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December 1963

Respiratory Distress From Congenital Lingual Cysts

Author Affiliations

Robert H. Lofgren, MD, Zero Emerson Place, Charles River Park, Boston 14, Mass.; Assistant in Otolaryngology, Massachusetts Eye and Ear Infirmary and Massachusetts General Hospital.

Am J Dis Child. 1963;106(6):610-612. doi:10.1001/archpedi.1963.02080050612012

Respiratory obstruction in infants is not rare. Usually, this is caused by a laryngeal or tracheal disorder. A cyst of the base of the tongue may also cause respiratory obstruction by pressing the epiglottis down over the larynx. This condition is not common but should be recognized as simple treatment may be lifesaving. A review of the literature by Shapiro 1 in 1949 revealed only 12 cases of true cysts of the base of the tongue, and it is significant that eight of these were diagnosed at autopsy. All 12 were in infants. Howell,2 in 1953, found one additional case in a 15-week-old child whom he treated and cured. Wilson,3 discussing thyroglossal duct cysts in children, found only four were intraglossal, as he classified them, out of 105 cases.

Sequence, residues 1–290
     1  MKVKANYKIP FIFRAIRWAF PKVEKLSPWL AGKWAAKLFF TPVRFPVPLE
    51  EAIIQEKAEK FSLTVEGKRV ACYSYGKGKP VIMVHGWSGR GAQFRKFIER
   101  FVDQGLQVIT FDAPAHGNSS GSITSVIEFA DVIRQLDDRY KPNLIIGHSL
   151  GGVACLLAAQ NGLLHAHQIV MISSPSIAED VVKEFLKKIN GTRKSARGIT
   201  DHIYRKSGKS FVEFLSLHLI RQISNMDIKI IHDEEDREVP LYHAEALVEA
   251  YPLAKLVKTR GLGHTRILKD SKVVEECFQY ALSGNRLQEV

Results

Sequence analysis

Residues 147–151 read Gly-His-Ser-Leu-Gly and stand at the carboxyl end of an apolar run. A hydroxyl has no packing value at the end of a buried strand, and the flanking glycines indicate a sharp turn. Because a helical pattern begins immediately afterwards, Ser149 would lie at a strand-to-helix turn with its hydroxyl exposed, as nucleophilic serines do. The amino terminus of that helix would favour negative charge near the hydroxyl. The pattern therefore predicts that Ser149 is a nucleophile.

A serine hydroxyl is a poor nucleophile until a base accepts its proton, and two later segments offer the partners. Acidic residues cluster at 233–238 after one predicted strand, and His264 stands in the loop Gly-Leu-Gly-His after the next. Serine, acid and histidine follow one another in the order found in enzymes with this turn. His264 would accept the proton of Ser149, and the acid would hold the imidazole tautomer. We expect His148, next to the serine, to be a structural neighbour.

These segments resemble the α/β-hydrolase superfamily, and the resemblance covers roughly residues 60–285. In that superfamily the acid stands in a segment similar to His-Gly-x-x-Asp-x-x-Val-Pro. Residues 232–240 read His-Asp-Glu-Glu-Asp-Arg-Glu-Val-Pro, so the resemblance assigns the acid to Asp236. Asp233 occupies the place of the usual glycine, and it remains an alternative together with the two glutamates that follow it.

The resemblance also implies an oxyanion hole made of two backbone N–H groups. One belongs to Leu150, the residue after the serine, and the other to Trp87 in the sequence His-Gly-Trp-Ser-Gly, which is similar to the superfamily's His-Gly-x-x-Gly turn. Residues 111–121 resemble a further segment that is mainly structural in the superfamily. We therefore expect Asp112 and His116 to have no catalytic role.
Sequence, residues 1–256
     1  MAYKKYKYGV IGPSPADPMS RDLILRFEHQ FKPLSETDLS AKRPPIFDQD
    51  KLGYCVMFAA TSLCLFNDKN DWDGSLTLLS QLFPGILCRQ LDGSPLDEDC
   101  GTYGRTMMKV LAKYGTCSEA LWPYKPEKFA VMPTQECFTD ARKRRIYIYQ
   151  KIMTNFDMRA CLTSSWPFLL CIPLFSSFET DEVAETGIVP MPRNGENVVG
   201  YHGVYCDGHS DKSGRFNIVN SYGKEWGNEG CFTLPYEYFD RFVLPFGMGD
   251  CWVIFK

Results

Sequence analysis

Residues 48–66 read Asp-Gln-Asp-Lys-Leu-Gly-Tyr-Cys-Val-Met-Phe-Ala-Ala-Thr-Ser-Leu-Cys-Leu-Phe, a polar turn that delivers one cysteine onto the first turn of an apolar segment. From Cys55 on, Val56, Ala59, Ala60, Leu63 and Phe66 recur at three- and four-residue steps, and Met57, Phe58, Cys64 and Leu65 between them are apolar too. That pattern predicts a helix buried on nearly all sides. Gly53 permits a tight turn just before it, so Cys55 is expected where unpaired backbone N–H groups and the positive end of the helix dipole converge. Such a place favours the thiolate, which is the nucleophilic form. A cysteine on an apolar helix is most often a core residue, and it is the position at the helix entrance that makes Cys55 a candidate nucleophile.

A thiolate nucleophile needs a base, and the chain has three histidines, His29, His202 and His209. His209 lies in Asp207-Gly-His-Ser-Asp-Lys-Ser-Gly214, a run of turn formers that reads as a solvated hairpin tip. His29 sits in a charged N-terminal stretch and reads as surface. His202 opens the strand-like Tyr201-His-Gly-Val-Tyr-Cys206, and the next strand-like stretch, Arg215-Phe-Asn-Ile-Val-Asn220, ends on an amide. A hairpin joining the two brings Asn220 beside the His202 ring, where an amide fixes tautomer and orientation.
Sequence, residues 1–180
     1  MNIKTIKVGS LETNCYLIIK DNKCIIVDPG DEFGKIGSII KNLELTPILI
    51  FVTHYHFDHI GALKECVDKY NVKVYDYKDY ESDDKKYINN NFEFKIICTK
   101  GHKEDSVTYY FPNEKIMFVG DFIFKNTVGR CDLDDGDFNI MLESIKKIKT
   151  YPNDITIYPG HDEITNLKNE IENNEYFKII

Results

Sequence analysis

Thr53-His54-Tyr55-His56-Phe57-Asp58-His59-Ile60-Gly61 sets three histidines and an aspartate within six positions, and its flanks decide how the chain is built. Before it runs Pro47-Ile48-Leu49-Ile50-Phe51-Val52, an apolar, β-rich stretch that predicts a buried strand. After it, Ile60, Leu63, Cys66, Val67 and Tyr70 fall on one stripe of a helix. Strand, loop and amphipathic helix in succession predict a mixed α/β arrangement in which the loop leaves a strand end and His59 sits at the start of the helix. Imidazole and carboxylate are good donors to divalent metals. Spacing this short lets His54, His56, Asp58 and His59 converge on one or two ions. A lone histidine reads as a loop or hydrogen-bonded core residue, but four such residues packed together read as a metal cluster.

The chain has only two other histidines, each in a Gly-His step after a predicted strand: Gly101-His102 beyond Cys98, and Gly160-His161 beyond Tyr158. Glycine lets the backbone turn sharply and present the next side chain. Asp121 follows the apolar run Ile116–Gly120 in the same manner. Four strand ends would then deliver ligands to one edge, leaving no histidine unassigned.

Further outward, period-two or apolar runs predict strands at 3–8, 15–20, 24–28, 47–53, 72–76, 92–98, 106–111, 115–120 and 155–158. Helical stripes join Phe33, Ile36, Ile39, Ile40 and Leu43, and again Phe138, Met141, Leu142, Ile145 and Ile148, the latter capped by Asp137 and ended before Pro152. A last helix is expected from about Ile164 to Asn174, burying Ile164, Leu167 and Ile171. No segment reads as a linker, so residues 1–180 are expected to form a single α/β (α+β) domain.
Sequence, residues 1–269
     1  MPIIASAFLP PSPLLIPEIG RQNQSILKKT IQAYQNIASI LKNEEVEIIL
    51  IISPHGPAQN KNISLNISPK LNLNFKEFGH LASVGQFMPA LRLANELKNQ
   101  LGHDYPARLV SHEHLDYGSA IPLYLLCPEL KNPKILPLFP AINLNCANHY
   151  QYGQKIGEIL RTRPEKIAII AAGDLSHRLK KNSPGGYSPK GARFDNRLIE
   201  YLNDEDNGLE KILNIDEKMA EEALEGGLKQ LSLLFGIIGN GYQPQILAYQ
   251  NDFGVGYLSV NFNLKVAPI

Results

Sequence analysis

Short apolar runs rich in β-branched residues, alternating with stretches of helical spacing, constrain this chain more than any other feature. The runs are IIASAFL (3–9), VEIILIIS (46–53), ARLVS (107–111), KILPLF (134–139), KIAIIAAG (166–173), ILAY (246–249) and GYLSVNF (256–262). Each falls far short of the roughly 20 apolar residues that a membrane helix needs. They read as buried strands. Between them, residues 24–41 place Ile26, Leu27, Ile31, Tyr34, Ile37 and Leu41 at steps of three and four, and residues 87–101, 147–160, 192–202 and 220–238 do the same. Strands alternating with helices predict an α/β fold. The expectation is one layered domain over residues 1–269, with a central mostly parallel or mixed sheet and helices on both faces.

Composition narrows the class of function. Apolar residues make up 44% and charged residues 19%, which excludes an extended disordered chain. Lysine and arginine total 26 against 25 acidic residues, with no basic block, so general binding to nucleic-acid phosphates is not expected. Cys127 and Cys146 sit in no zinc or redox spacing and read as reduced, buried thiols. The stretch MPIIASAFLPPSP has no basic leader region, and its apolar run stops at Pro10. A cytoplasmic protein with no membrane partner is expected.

Much has been postulated, but little is known as to why these cysts form. Potential causes are the thyroglossal

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